24

CHAPTER 2. SCHROEDINGER VS. NAVIER-STOKES

multiplying the right–hand side is allowed. Finally combining Eqs. (2.21) and (2.32) together we can state: Theorem 10 For the quantum probability fluid in the semiclassical approximation, the order of magnitude of the ratio of viscosity to entropy density is   η ~ . (2.33) =O s kB Again an undetermined, dimensionless factor multiplying the right–hand side is allowed, but the dependence on the length scale l has dropped out.

2.2.4

Nonstationary states: emergent reversibility

Nonstationary states can be readily constructed as linear combinations of stationary eigenstates with different energy eigenvalues. The ratio η/s of the viscosity to the entropy density of a nonstationary state is important for the following reason. Any nonstationary state thermalises to a final equilibrium state. The time required for this transition is of the order of the Boltzmann time τB , ~ τB := , (2.34) kB T where T is the temperature of the final equilibrium state [55]. In Eq. (2.31) we have related the temperature T to the amplitude A = |ψeq | of the equilibrium state wavefunction ψeq . Therefore: Theorem 11 For semiclassical, nonstationary states of the quantum probability fluid, the Boltzmann time is directly proportional to the ratio η/s of the viscosity to the entropy density of the initial state, and inversely proportional to the amplitude of the final equilibrium state. Out of this analysis there arises a nice picture of the thermalisation process, whereby a nonstationary state decays into a final stationary state. In this picture we have a slow dynamics superimposed on a fast dynamics. The latter corresponds to nonstationary states; the former, to stationary states. Viscous states correspond to the fast dynamics, while dissipation–free states pertain to the slow dynamics. Time reversibility emerges as a conservation law that applies only to the emergent, slow dynamics.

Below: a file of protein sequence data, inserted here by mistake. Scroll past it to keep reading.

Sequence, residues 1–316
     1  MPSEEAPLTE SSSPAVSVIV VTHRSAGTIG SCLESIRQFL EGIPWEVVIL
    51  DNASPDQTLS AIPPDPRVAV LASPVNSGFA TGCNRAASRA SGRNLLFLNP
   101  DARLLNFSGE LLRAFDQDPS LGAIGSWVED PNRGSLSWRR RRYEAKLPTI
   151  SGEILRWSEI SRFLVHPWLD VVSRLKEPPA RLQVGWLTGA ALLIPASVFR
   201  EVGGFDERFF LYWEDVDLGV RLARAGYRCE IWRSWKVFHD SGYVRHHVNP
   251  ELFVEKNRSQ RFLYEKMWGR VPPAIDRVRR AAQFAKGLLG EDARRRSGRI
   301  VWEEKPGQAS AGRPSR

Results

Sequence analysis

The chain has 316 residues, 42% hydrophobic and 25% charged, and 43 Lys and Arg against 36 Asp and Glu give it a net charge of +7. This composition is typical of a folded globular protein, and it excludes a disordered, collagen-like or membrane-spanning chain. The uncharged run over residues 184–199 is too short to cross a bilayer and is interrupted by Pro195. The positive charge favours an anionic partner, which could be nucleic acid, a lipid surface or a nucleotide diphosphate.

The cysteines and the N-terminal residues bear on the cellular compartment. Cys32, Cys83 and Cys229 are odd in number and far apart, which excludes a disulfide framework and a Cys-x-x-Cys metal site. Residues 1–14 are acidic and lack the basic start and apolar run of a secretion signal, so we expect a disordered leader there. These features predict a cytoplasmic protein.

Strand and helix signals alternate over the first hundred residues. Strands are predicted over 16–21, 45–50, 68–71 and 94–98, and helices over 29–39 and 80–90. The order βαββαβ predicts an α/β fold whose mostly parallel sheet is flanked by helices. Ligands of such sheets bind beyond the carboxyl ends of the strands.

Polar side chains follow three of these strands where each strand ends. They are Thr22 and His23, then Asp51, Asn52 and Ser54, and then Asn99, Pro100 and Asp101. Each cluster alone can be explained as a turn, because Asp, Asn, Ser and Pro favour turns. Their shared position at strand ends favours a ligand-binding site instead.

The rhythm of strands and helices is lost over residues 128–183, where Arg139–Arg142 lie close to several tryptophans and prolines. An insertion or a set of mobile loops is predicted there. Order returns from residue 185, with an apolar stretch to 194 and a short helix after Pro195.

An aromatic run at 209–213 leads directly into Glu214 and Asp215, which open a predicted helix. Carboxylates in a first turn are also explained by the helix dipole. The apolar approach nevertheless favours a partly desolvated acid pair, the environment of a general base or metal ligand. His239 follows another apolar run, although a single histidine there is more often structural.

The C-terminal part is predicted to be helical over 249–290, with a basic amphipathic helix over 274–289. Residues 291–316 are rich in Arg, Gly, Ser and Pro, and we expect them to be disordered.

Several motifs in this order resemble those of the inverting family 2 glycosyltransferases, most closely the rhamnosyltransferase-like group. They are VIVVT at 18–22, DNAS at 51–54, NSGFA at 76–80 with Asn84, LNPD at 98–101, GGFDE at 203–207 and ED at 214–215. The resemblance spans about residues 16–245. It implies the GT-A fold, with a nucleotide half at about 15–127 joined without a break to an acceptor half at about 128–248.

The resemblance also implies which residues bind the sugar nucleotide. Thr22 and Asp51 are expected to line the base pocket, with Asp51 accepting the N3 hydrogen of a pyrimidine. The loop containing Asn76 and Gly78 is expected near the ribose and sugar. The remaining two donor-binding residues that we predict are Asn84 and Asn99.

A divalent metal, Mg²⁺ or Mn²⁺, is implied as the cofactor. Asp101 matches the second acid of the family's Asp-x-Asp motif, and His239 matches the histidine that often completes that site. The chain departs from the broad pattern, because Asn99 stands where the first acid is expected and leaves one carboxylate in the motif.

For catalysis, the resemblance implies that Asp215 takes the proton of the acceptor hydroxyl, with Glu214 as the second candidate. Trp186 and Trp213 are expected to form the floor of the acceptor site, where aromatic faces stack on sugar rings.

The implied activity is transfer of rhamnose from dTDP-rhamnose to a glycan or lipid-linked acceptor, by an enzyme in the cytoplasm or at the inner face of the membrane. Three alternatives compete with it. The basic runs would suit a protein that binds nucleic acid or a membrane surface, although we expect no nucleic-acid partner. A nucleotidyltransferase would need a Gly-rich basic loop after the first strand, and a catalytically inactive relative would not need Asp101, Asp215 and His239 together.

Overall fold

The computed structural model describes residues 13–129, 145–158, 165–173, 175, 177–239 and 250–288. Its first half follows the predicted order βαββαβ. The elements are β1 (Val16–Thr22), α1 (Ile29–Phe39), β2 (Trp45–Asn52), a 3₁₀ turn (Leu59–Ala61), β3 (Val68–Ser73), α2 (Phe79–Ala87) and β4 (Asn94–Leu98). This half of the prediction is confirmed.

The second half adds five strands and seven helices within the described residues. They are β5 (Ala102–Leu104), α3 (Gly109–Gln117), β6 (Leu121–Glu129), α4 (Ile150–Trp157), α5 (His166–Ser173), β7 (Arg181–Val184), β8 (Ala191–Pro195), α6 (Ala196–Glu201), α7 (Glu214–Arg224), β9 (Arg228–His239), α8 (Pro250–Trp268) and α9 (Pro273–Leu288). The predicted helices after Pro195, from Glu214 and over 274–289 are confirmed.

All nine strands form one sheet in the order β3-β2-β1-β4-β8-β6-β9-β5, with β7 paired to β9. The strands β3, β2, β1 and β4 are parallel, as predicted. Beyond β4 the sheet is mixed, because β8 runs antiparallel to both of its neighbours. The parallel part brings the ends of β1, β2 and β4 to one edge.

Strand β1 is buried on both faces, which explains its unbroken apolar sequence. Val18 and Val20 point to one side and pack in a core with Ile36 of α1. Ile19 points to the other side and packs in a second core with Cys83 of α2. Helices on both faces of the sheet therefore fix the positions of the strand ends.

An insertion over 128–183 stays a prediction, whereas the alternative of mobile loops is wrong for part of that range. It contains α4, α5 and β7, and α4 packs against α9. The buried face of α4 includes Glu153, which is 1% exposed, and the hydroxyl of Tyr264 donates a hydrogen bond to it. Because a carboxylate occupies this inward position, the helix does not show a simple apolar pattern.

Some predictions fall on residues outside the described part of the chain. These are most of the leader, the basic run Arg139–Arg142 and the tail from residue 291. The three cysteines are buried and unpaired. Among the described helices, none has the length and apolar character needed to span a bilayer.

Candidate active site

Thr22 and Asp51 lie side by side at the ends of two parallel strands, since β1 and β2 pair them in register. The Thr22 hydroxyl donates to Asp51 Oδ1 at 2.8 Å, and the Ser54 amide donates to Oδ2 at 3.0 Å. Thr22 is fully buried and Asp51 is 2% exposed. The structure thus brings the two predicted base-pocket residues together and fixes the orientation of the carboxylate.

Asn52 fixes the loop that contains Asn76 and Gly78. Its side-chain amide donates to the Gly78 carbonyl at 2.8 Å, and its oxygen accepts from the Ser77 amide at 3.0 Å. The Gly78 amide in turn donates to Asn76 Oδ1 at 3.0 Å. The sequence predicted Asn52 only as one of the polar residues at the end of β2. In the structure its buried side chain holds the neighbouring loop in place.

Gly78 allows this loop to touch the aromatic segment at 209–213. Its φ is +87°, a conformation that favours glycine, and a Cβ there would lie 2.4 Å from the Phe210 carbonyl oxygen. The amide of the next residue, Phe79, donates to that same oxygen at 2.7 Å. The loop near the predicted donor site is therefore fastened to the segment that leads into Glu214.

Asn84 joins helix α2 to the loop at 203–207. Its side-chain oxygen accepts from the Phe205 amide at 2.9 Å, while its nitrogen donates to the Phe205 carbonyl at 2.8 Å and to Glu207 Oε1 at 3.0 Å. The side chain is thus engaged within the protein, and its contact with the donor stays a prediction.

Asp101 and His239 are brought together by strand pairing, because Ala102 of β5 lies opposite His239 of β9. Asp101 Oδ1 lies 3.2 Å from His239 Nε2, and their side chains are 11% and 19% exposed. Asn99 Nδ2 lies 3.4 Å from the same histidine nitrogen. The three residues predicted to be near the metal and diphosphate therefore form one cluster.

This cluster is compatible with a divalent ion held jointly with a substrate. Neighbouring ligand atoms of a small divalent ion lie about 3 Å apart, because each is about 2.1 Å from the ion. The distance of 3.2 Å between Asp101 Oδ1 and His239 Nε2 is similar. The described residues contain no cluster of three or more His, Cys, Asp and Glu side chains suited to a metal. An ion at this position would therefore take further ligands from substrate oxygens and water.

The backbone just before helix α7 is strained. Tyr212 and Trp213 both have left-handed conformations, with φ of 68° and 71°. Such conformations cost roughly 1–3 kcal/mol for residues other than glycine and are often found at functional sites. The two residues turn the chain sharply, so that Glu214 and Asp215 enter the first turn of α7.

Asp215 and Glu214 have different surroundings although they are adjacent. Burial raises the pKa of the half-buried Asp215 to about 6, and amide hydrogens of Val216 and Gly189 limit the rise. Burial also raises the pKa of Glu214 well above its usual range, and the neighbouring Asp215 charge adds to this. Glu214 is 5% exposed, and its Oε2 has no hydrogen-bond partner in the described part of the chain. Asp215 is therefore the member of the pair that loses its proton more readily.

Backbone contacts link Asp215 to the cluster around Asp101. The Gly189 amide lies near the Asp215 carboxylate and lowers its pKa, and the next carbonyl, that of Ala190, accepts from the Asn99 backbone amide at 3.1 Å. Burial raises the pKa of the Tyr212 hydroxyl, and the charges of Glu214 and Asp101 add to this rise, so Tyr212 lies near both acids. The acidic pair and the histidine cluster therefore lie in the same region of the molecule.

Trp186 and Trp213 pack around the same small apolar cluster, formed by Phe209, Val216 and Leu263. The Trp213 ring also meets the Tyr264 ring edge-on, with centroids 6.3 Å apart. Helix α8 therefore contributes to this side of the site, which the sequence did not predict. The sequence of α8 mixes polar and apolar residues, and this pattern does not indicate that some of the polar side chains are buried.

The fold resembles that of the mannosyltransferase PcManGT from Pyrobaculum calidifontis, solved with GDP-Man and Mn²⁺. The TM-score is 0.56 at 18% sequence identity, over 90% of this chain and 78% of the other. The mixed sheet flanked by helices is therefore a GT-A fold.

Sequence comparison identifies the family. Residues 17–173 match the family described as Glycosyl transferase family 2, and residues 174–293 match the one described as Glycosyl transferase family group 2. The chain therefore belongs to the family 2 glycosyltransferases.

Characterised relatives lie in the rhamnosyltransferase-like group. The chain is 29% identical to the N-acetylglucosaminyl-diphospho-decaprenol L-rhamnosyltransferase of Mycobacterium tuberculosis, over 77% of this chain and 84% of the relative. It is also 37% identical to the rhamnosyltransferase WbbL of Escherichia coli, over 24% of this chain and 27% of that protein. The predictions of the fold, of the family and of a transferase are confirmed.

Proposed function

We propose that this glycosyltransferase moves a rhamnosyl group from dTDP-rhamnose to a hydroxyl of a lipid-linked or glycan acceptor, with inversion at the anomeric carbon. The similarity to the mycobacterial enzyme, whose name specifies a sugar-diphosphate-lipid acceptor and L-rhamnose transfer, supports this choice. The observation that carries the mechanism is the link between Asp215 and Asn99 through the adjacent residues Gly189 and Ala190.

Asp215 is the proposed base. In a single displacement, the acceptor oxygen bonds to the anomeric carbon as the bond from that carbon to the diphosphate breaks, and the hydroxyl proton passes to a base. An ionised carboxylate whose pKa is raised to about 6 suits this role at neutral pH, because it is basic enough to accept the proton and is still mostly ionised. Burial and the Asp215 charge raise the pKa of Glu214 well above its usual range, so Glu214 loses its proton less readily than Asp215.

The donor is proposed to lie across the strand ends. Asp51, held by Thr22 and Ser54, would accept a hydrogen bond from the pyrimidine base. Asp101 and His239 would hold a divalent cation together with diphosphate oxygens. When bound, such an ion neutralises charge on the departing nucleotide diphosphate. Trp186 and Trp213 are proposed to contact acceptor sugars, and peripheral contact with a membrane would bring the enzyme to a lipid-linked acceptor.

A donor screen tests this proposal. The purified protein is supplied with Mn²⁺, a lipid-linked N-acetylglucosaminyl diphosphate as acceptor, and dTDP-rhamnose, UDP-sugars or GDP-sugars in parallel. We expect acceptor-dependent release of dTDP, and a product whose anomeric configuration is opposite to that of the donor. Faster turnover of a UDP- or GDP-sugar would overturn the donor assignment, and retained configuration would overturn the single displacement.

2.2. THE PHYSICS OF NAV.–STO. FROM SCH.

2.2.5

25

Stationary states: emergent holography

Turning now our attention to stationary states, let us see how an emergent notion of holography arises naturally in our context. For stationary states we first set ∂S/∂t = 0 in the continuity equation (2.11), then apply the semiclassicality condition (2.16), next divide through by ~ and finally switch from I to I as per Eq. (2.6). This establishes: Theorem 12 For semiclassical stationary states we have  ∇I · ∇S = O l−2 .

(2.35)

For such states, Eqs. (2.25) and (2.35) are equivalent. In the limit l → ∞ we have ∇I · ∇S = 0, and the foliation I = const2 intersects orthogonally the foliation S = const. That the length scale l, in our case of semiclassical stationary states, can be regarded as being sufficiently large, follows from Eq. (2.8). Indeed a classical, perfectly localised state around x = x0 carries a wavefunction δ(x − x0 ), the amplitude of which is almost everywhere zero. As this localised state spreads out, ceasing to be perfectly classical, its width can be taken as an inverse measure of its localisation. In other words, the limit ~ → 0 is equivalent to the limit l → ∞. Thus neglecting the right–hand side of Eq. (2.35) we arrive at: Theorem 13 Semiclassical stationary states provide two independent foliations of 3–dimensional space by two mutually orthogonal families of 2– dimensional surfaces, respectively defined by I = const and by S = const. The foliation I = const is well known since the early days of quantum theory. On the other hand the foliation S = const was little used in mechanical contexts until the groundbreaking contributions of refs. [49, 88, 116] to the notion of emergent spacetime. Specifically, in ref. [116], isoentropic surfaces S = const are taken to be holographic screens, while also qualifying as equipotential surfaces V = const of the gravitational field. We see immediately that: 2

This is abuse of language. Strictly speaking, the equation I = const defines only one leaf of the foliation. The foliation itself is the union of all the leaves obtained by letting the constant run over the corresponding range.

26

CHAPTER 2. SCHROEDINGER VS. NAVIER-STOKES